Music has always been in Dylan Guthro’s DNA. Growing up in Halifax, Dylan began playing music and recording at four years old. “I quickly became addicted, chasing dad around the house to show me new chords all the time,” says Guthro.

He was soon sharing stages across the country with his musician father, acclaimed singer-songwriter Bruce Guthro. “Over the next 10 years he’d bring me up to play a song with him at his shows, which eventually turned into me being hired as a sideman on his tours, playing a mix of bass, guitar, and backing vocals.”

Under his father’s encouragement, Guthro released his debut album All That’s True in 2012. Never one to get stuck in a single genre, Guthro’s latest single “Do It All Again” was produced by rapper/producer Classified. Guthro says it marks “the proper opportunity to begin to merge all the types of music I’ve been into from the get-go.” Look for new music from him later in 2014.


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Their 100% Fair Trade coffee beans are hand-selected, of the highest quality, from around the world; a slice of their cheesecake sends taste-buds on a decadent trip to the Big Apple; and before hitting stardom, Canada’s sweetheart, “Call Me Maybe” singer Carly Rae Jepsen, spent her time here serenading coffee connoisseurs from across Vancouver.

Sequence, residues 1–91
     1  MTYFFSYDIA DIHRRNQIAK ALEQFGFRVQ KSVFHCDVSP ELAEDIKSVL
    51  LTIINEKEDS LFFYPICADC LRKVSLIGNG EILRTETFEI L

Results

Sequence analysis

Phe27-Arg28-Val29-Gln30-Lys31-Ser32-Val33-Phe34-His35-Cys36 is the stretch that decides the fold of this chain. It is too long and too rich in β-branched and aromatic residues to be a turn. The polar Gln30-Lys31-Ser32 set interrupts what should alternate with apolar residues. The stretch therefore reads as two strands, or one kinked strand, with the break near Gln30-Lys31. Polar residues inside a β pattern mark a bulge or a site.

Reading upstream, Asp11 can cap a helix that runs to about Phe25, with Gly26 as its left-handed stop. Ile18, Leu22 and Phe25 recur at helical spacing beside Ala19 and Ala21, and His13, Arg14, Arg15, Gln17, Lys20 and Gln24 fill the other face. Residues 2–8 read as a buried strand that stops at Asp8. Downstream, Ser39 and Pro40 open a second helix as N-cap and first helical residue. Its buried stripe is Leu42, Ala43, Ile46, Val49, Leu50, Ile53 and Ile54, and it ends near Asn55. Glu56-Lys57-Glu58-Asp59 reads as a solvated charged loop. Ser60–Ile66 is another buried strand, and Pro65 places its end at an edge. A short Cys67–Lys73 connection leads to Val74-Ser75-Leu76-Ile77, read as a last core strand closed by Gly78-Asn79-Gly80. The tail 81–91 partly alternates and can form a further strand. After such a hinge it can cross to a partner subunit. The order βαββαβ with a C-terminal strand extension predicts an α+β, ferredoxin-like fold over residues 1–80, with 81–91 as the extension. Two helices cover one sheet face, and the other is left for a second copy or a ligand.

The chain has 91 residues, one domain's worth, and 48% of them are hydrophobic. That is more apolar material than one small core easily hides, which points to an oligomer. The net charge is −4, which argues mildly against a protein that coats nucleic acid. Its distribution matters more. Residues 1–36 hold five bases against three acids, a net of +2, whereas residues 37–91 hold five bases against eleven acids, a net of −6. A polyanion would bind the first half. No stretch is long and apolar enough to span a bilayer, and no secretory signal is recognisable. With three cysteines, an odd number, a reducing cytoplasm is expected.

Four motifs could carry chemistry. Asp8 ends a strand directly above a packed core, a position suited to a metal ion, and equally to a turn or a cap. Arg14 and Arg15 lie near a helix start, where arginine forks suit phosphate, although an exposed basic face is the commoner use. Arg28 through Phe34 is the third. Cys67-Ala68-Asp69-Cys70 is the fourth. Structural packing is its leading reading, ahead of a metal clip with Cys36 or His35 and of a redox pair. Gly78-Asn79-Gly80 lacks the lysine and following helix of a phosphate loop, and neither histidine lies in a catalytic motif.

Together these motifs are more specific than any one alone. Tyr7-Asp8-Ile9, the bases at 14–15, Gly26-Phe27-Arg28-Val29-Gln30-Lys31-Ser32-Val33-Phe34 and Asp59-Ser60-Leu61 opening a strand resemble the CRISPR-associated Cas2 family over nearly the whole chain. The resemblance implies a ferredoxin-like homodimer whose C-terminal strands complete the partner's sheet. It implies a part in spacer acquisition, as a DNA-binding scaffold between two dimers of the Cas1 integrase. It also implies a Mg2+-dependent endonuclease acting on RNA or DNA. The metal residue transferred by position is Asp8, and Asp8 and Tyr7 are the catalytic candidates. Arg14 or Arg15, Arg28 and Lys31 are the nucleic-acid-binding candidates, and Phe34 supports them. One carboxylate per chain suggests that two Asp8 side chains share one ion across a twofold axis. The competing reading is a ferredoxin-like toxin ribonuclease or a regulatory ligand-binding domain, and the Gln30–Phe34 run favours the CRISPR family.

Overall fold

Trees Organic Coffee & Roasting House has served java devotees since 1996, and has since grown to five locations in the greater Vancouver area.  Along with offering their customers a true Bohemian/European-style café experience, for singer-songwriters and performers, Trees provides a venue and outlet for those starting out in their careers.

Just as it’s committed to Fair Trade coffee, Trees believes in fair play for songwriters, composers and music publishers.

And just as it’s committed to Fair Trade coffee, Trees believes in fair play for songwriters, composers and music publishers. They proudly display their Licensed to Play status with the emblem at their doorway.

Music is a key ingredient to their success. Director of Operations, Chris Hannah says, “Music helps us create an atmosphere in the café and without it the space would seem like a dead zone.” He adds that music not only plays in the background, but that “live music nights are something that makes Trees Café a destination for people to check out and discover great talent.

“Just about every musician gets their start playing small venues to gain some exposure and recognition – we see some very talented people playing their hearts out every week at Trees.” He’s especially proud that SOCAN member Carly Rae Jepsen honed her talent by regularly performing her music in the café, before gaining international fame.